Spanish report warns of Morocco’s ‘hybrid strategies’ to annex Ceuta, Melilla | Saad Guerraoui | MEO
The Institute of Security and Culture urges Spain to monitor Morocco’s activity and not underestimate its rearmament which gives the North African kingdom an advantage in the face of a hypothetical escalation in the grey zone.
Spanish report warns of Morocco’s ‘hybrid strategies’ to annex Ceuta, MelillaThe Institute of Security and Culture urges Spain to monitor Morocco’s activity and not underestimate its rearmament which gives the North African kingdom an advantage in the face of a hypothetical escalation in the grey zone.
Hundreds of migrants stormed into Ceuta last May
LONDON - Spain’s Institute of Culture and Security warned that Morocco was using “hybrid strategies” to reclaim the Spanish enclaves of Ceuta and Melilla and adjacent islets in its latest report.
The Institute called on the Spanish government to monitor Morocco’s activity and its military rearmament although experts behind the report do not see it as a threat at the moment.
In a report titled "Morocco's claim on Ceuta and Melilla from the perspective of the grey area", experts explain that the objective of the grey zone was to force the relations between two states to alter the status quo, that is, "to achieve ends similar to those of a war, but without war," citing the most recent example that took place last May with the avalanche of thousands of immigrants who stormed into Ceuta, prompting the Spanish army to intervene.
The report explains Morocco’s “strategic patience” with border closures without what it calls motives or for seeking external support for their demands, such as when the Trump Administration recognized Moroccan sovereignty of the Sahara.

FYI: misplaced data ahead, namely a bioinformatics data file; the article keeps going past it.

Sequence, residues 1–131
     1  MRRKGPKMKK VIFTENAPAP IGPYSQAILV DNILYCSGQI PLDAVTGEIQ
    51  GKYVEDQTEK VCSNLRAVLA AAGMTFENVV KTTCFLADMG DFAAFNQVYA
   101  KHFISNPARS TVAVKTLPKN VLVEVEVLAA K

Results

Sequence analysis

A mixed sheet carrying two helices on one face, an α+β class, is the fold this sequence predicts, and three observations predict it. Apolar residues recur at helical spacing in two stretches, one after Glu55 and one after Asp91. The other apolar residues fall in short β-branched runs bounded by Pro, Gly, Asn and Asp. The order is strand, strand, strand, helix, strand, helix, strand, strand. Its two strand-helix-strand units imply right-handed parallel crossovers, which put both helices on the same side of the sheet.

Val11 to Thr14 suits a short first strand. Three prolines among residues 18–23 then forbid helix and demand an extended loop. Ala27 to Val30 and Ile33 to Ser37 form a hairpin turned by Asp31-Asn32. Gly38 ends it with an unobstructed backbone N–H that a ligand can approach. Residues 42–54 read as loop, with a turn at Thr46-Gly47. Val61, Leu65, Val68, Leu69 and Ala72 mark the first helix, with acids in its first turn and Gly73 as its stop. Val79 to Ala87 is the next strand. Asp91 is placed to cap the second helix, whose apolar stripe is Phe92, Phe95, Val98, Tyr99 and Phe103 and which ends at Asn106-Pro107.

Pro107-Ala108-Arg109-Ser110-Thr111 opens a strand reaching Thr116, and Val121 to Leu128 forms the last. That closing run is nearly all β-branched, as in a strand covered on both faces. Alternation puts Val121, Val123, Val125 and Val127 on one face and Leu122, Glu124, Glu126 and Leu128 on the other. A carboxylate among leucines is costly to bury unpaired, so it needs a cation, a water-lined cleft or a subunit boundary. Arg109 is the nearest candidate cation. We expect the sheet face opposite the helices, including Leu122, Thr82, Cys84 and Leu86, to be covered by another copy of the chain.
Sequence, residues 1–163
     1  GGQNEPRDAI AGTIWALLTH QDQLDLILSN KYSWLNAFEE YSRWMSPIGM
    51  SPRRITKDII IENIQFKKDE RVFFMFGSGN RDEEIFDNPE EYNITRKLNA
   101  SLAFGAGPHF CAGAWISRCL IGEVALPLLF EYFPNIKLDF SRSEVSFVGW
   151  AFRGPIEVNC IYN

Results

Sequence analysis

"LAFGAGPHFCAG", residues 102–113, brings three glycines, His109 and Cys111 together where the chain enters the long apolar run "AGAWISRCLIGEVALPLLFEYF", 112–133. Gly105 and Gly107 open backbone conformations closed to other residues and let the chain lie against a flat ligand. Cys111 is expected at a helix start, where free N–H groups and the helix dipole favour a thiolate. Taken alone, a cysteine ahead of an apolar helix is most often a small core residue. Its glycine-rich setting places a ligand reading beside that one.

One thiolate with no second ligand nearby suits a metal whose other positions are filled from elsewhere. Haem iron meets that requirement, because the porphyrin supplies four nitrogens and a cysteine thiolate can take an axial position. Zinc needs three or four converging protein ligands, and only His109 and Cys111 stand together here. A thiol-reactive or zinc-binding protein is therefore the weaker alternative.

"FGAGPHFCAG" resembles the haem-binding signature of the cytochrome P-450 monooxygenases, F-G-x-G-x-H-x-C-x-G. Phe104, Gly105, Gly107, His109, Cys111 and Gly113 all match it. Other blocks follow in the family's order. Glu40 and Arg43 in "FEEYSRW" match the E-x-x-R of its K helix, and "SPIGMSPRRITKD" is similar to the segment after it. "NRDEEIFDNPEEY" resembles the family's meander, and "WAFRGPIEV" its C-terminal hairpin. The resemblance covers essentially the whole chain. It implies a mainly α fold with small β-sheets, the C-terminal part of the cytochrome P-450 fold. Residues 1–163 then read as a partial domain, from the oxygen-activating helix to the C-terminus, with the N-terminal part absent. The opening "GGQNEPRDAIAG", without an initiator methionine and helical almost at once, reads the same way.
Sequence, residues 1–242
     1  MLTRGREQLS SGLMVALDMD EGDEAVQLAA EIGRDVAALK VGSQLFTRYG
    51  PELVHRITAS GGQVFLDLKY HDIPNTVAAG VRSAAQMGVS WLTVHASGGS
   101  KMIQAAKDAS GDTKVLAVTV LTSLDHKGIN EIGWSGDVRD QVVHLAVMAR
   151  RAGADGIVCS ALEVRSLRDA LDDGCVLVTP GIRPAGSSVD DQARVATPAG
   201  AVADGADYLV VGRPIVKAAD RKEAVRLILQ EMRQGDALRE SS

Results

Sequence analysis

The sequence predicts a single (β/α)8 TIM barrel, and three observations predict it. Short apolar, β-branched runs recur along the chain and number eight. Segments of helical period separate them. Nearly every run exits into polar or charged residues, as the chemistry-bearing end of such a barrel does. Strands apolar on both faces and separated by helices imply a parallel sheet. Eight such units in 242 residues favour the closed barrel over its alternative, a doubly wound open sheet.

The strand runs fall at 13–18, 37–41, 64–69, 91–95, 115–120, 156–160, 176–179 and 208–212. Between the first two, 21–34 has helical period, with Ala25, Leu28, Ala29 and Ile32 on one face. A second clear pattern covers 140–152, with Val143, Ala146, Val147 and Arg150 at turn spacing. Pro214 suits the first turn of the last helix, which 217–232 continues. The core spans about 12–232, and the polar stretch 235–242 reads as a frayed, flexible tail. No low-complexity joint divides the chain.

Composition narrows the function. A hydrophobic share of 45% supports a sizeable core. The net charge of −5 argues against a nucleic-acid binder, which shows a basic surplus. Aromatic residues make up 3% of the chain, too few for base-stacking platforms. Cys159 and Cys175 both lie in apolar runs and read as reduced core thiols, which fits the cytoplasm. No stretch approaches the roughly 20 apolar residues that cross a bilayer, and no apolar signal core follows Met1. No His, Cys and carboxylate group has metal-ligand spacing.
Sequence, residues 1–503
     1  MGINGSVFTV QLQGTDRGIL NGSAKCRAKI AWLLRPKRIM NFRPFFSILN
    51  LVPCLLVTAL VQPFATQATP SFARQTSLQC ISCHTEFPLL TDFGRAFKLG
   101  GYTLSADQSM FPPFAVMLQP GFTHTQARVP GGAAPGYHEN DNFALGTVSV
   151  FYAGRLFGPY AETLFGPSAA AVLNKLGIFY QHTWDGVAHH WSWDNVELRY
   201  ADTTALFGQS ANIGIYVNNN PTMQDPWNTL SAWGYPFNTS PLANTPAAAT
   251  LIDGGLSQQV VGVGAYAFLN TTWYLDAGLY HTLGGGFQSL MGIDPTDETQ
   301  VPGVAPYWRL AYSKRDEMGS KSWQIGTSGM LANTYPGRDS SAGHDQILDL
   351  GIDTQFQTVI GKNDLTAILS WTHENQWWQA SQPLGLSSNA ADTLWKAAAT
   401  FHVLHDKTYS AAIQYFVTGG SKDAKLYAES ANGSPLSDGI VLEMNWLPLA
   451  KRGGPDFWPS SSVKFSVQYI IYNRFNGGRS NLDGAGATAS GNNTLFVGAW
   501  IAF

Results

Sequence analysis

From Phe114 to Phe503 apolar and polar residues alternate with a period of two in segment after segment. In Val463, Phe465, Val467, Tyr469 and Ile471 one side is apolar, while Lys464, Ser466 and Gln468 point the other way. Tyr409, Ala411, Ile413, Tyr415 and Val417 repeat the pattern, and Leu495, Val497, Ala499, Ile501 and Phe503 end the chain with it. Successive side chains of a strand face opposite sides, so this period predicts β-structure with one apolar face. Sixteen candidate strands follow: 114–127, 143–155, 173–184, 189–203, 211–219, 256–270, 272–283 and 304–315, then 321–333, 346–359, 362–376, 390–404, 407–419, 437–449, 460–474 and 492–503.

Experts point out that "there is a latent conflict" in which, for example, “Rabat seeks to influence Spanish foreign action using as a lever the control of migratory flow, anti-terrorist cooperation or the periodic ratification of the European Union's fishing agreements;”
They consider that these aspects are used by Morocco as “a pressure tool and a bargaining chip.”
Experts suggest that Spanish authorities consider the hybrid perspective when analyzing Moroccan policy towards Ceuta and Melilla, adding that Ceuta’s migration incident was a “wake-up call
The report also highlights Morocco’s equipment or besides security agreements signed with Israel. Experts warn that Rabat’s use military power should not be underestimated because it reduces the military gap between Morocco and Spain although they acknowledge that military power is of secondary importance in the grey area,
Experts warn that the Morocco’s acquisition program of land, naval and air power constitutes another factor to take into account but "without falling into alarmism."
“Although Moroccan authorities do not contemplate an armed action against both cities, the mere possession of these capacities gives them an advantage in the face of a hypothetical escalation in the grey zone,” they say, adding that “it may even generate serious doubts on the Spanish side about the political and military viability of defending Ceuta and Melilla."